Living Wright: Reaching adulthood without key childhood milestone
BY JASON ASHLEY WRIGHT World Scene Writer
Thursday, April 19, 2012
4/19/12 at 4:12 AM
Go to Jason Ashley Wright's Blog
My brother, Jay, knew how to ride a bike.
So did my parents, all my friends and the red-headed kid who punched me in the stomach in fourth grade after I lost our team the blue ribbon in the three-legged race on Field Day. Not that I'm bitter.
Pretty much everyone with a pulse can ride a bike, I've surmised - except me. If nothing else has solidified my status as a freak, not learning how to ride a bike definitely does. That's something I'd win a blue ribbon for, I bet.
If I hear they give those out at "Training Wheels," the workshop for bike newbies, I just might show up Saturday morning for the first class at The Hub, 601 W. Third St. - I reiterate, "might."
Not sure why I never learned, but I've secretly - and rather wrongly - blamed my father's overprotective streak. I am the baby of the family, after all - the fairest, most bruise-prone, quickest to cry.
But Jay, five years my senior, learned how without ever breaking anything or flat-lining. One afternoon in the mid-'80s, he took me out in our backyard to teach me. The lesson didn't last long, as he told me I'd fall while learning. True as gospel, I fell once, then marched inside, refusing to suffer face-planting for any form of exercise.
About 30 years later, having face-planted bank windows, revolving doors, dance floors and too many rugs to recollect correctly, it seems downright silly to have worried over a few falls in order to learn something as fun as cycling looks.
I've come to romanticize it over the years, remembering "Leave It to Beaver" and "Andy Griffith" reruns, where kids did antiquated things like fish and walk and go "Golly!" - and, of course, ride bikes.
Earlier this week, I saw a neighbor who has at least 75 pounds on me riding a bike - with what seemed like ease. And a smile on his face! If he can do it, so can I. Maybe.
Known in local circles as "Iron Mary," Mary Benes is the first person I think of when it comes to biking. She's a staunch supporter of multiple sclerosis awareness and research.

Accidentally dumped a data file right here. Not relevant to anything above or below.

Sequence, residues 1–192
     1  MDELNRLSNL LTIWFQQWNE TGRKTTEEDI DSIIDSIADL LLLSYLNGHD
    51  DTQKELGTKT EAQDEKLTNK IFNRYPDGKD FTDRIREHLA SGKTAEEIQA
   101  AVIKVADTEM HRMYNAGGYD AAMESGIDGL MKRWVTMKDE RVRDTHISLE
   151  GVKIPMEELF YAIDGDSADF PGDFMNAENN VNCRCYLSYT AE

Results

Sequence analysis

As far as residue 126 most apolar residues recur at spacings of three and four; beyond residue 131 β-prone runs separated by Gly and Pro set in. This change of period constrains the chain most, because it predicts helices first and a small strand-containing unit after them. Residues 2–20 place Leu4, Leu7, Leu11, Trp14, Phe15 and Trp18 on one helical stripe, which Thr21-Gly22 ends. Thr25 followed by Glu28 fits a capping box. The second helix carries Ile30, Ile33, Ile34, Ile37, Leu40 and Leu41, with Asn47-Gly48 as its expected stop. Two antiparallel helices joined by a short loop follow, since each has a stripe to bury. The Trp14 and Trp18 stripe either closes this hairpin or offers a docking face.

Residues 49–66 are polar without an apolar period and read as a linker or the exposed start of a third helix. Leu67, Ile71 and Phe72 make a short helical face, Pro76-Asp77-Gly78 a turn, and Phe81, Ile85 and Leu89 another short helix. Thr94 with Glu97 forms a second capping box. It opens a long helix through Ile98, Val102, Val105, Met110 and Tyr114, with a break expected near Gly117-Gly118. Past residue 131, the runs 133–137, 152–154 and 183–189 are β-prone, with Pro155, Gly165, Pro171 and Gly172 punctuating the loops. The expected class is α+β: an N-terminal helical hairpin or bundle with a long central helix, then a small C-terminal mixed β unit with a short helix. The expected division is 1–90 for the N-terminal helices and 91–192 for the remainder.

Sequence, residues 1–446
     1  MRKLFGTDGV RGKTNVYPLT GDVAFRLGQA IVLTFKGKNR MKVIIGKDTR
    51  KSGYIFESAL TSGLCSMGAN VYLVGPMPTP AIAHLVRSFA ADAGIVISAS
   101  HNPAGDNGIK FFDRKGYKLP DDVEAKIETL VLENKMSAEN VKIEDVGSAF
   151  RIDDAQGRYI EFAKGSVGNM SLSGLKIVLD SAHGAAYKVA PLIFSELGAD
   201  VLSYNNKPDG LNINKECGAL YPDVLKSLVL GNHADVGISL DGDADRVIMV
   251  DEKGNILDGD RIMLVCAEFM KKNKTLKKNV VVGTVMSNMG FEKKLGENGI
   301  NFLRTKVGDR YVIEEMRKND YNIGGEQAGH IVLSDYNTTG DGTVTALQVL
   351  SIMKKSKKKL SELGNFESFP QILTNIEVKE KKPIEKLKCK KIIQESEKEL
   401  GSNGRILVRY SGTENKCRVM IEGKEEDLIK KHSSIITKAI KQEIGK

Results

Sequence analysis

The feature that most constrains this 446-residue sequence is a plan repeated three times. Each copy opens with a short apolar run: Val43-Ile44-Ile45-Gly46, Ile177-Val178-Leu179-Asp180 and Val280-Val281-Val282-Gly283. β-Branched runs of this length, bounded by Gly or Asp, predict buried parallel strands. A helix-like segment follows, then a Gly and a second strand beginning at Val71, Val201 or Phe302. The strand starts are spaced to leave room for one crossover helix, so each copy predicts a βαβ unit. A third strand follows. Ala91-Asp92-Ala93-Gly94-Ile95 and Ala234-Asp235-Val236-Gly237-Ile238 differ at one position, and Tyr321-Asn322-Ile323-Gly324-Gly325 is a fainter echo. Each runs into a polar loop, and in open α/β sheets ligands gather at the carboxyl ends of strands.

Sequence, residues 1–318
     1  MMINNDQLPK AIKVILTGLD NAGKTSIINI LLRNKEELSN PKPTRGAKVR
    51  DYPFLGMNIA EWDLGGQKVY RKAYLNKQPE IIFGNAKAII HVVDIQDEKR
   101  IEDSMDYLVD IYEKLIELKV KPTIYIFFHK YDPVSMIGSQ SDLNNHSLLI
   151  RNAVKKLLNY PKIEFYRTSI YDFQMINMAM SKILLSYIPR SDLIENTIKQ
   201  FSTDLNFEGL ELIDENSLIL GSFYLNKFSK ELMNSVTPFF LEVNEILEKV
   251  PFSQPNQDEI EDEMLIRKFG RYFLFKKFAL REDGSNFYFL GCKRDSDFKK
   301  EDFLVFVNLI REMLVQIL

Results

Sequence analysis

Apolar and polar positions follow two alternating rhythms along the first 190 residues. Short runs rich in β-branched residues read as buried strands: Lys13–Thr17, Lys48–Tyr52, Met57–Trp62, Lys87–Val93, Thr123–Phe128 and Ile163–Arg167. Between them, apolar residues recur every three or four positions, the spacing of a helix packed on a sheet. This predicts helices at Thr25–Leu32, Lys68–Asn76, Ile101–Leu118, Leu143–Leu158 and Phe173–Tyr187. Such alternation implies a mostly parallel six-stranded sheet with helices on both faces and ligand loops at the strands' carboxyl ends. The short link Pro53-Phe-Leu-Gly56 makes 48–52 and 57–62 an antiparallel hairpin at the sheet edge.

I texted her recently about why she liked it, as I apparently need references before even considering a new form of exercise.
"It's your first taste of freedom on wheels," she said. "Besides, when I'm on my bike, MS doesn't exist."
So, considering my blue-ribbon freak status, maybe my own social abnormalities would stop existing on a bike, even if it's just for a 30-minute ride. Or until I face-plant a tree.
Or that red-headed kid on his bike. Is it wrong that's my motive for learning? Don't answer that.
Original Print Headline: Grown up, but missing childhood milestone
"Don't spend another bicycle season stuck in the car."
That's the tagline on the invitation to Training Wheels, a workshop series for bike newbies that's free and open to the public.
Here are the upcoming classes and info on each:
Square One: Bicycle Basics
10 a.m. Saturday, The Hub, 601 W. Third St.
For adults and kids alike. Learn basics and get comfortable with your bike.
Square Two: Gear Up
2 p.m. April 29, Tom's Bicycles, 1506 E. 15th St.
Basic bike maintenance for everyone.
Square Three: Road Rules
10 a.m. May 5, Brookside Library, 1207 E. 45th Place
For riders who want to increase their confidence on the road.
Square Four: Bike Racks Around Town
6-8:30 a.m. Monday, Coffee House on Cherry Street, 1502 E. 15th St.
For riders interested in making bikes a mode of transportation.
Bike to Work Day
4:30 p.m.-6:30 p.m. Friday, Joe Momma's Pizza, 112 S. Elgin Ave.
Celebrate the beginning of bike-to-work season with other riders and commuters.
Ride a bike and reap the rewards, with half-price appetizers, $2 Blue Moon and Boulevard Wheat, $1 High Lifes, $2 PBR tallboys. Also, enjoy music, drawings for prizes and a chance to sign-up for the Bike to Work Commuter Challenge.
RSVP to email@example.com.